“Right now the paradigm is to sequence a number of patients and see what may be there in terms of variants,” said Nicholas Katsanis, Ph.D. “The key finding of this study says that this approach is important, but not sufficient. If you really want to be able to penetrate, you must have a robust way to test the functional relevance of mutations you find in patients. For a person at risk of type 2 diabetes, schizophrenia or atherosclerosis, getting their genome sequenced is not enough – you have to functionally interpret the data to get a sense of what might happen to the particular patient.” “This is the message to people doing medical genomics,” said lead author Erica Davis, Ph.D., Assistant Professor in the Duke Department of Pediatrics, who works in the Duke Center for Human Disease Modeling. “We have to know the extent to which gene variants in question are detrimental – how do they affect individual cells or organs and what is the result on human development or disease? Every patient has his or her own set of genetic variants, and most of these will not be found at sufficient frequency in the general population so that anyone could make a clear medical statement about their case.” Davis, working in the lab of Katsanis, and in collaboration with many ciliopathy labs worldwide, sequenced a gene, TTC21B, known to be a critical component of the primary cilium, an antenna-like projection critical to cell function. While a few of the mutations could readily be shown to cause two main human disorders, a kidney disease and an asphyxiating thoracic condition, the significance of the majority of DNA variants could not be determined. Davis then tested these variants in a zebrafish model, in which many genes are similar to humans, and showed that TTC21B appears to contribute disease-related mutations to about 5 percent of human ciliopathy cases. The study, which appears in Nature Genetics online on Jan. 23, shows how genetic variations both can cause ciliopathies and also interact with other disease-causing genes to yield very different sets of patient problems. Katsanis, the Jean and George Brumley Jr., M.D., Professor of Pediatrics and Cell Biology, and Director of the Duke Center for Human Disease Modeling, is a world expert in ciliopathies such as Bardet-Biedl Syndrome, in which the primary cilium of cells is abnormal and leads to a host of problems. About one child in 1,000 live births will have a ciliopathy, an incidence that is in the range of Down's syndrome, said Katsanis. “By sequencing genes to identify genetic variation, followed by functional studies with a good experimental model, we can get a much better idea of the architecture of complex, inherited disorders,” Katsanis said. “Each individual with a disease is unique,” Davis said. “If you can overlay gene sequencing with functional information, then you will be able to increase the fidelity of your findings and it will become more meaningful for patients and families.” It will take more laboratories doing more pointed studies like this one to get a fuller picture of the ciliopathies and other diseases, Davis said. Katsanis noted that it will take true collaboration within many scientific disciplines as well as scientific finesse to get at the true roots of complex diseases. “Brute force alone – sequencing – will not help,” he said. “Technology is of finite resolution. You must have synthesis of physiology, cell biology, biochemistry and other fields to get true penetration into medically relevant information.” Numerous scientists from other institutions were involved, including those from Johns Hopkins University, University of Pennsylvania, University of Birmingham in the United Kingdom, Universite Louis Pasteur, St. James University Hospital in Leeds, University of Michigan, Baylor College of Medicine, the National Human Genome Research Institute and others.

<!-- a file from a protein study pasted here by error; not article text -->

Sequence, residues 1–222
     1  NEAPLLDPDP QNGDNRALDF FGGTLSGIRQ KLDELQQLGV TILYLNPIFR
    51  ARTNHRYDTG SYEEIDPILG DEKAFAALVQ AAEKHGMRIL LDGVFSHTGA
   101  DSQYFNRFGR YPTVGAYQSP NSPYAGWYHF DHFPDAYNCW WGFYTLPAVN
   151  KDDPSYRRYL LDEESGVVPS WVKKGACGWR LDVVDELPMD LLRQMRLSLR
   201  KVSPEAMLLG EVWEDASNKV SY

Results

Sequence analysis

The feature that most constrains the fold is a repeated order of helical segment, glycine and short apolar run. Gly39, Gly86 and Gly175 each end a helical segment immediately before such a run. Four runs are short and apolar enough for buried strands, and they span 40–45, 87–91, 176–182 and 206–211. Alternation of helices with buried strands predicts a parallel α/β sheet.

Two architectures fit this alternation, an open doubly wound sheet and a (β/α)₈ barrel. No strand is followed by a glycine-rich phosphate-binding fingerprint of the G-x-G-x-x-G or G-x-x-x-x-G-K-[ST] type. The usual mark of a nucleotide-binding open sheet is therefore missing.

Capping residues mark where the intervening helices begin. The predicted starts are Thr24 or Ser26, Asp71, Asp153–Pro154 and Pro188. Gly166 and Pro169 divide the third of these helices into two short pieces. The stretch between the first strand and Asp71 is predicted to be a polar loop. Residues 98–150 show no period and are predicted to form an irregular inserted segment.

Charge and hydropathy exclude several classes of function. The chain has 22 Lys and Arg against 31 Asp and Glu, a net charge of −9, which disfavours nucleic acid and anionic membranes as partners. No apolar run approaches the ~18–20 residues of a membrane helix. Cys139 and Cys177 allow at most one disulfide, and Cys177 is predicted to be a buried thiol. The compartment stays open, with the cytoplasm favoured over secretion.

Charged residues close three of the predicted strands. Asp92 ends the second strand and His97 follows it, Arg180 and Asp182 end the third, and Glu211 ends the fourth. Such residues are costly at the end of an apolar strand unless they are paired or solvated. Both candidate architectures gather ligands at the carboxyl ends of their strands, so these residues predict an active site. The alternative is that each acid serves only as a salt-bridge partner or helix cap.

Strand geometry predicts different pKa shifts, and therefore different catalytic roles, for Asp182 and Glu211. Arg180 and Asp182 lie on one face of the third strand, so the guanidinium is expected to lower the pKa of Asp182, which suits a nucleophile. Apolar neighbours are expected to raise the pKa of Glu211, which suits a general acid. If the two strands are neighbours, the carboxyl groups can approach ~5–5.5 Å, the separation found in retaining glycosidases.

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Last modified: 08.29.2012